Our destination for the night was Farndale, on the other side of a stretch of moorland. I find parts of the moors in the National Park a boring and featureless monoculture. We walked along a track that is good enough to drive a car along whilst an unbroken sea of heather spread to the horizon. The only wildlife was the numerous red grouse challenging us from both sides of the track. It felt like walking across an industrial grouse farm.
The best parts of the National Park are the numerous dales, woodlands and moorland edges. We left the security of the track near Bloworth Crossing and stumbled across deep heather, bog and tussock to the head of Farndale. With the sun going down we found an idyllic spot in which to pitch. Idyllic until the midges found us. They were so bad that I needed my head net to preserve my sanity. Poor Reuben had a reaction to them and his face around his eyes swelled up. He retired to the sanctuary of the tent early whilst we cooked outside. It was only once the sun had set and the temperature had dropped that they finally disappeared.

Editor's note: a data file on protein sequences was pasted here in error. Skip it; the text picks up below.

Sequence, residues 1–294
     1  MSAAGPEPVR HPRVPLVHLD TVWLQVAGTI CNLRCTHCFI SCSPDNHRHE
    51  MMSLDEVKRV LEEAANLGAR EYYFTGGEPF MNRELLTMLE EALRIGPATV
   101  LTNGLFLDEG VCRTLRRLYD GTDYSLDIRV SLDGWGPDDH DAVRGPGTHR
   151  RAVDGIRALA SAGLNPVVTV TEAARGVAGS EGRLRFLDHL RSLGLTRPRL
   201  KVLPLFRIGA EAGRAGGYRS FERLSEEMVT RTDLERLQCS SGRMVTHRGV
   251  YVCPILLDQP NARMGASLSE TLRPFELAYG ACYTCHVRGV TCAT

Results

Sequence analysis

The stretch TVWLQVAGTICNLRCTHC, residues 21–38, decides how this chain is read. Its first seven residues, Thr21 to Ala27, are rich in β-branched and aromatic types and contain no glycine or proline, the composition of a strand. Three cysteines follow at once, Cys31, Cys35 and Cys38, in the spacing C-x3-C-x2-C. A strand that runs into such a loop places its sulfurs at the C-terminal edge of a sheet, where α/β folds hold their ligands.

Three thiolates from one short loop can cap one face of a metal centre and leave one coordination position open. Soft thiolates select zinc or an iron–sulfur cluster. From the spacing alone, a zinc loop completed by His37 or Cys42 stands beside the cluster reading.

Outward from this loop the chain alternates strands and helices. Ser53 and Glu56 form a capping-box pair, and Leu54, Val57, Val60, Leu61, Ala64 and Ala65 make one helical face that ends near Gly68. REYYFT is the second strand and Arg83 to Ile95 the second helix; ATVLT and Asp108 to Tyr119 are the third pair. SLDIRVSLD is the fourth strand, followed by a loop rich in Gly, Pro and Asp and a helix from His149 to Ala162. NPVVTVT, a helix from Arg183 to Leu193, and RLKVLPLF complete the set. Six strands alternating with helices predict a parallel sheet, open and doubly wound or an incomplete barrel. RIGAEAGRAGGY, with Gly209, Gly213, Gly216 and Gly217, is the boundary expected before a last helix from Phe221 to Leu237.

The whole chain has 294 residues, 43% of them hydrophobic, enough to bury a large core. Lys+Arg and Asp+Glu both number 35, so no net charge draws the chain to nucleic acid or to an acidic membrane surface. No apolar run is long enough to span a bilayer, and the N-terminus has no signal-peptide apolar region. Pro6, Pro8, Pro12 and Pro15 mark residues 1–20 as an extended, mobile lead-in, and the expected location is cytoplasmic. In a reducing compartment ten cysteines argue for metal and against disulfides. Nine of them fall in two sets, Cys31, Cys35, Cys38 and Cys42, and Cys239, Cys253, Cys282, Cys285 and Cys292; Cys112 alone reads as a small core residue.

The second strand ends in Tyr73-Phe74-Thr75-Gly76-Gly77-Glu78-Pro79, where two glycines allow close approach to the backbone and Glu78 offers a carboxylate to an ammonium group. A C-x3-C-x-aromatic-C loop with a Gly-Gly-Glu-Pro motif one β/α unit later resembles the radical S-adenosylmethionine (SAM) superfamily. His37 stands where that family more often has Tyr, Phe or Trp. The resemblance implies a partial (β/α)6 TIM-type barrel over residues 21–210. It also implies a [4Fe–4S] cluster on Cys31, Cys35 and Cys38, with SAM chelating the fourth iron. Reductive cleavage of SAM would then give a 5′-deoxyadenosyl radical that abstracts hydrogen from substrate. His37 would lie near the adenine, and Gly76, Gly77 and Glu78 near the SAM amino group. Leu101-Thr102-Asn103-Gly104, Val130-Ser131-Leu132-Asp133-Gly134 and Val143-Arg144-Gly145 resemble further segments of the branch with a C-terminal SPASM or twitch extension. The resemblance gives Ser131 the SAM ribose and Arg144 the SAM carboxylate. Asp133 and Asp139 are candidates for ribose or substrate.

Later that evening whilst we stood outside chatting we spotted four bright torches heading our way. Naturally I initially assumed that it was four burly farmers who had come up to evict us from our pitch. It turned out that they were Mountain Rescue off for some night navigation on the moors (we found this out after saying that we hoped they did not get lost!).